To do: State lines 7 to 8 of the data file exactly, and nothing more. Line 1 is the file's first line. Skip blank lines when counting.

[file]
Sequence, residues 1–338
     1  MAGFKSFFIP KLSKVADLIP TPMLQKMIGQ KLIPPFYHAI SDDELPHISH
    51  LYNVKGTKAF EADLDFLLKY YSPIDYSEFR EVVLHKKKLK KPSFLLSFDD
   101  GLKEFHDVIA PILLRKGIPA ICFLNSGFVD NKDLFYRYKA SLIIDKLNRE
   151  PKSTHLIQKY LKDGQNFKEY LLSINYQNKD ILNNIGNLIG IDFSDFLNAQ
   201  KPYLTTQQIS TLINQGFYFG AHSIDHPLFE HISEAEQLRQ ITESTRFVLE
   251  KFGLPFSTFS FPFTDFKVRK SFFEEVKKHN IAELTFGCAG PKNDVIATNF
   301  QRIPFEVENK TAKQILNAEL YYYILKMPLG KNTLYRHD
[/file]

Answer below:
   251  KFGLPFSTFS FPFTDFKVRK SFFEEVKKHN IAELTFGCAG PKNDVIATNF
   301  QRIPFEVENK TAKQILNAEL YYYILKMPLG KNTLYRHD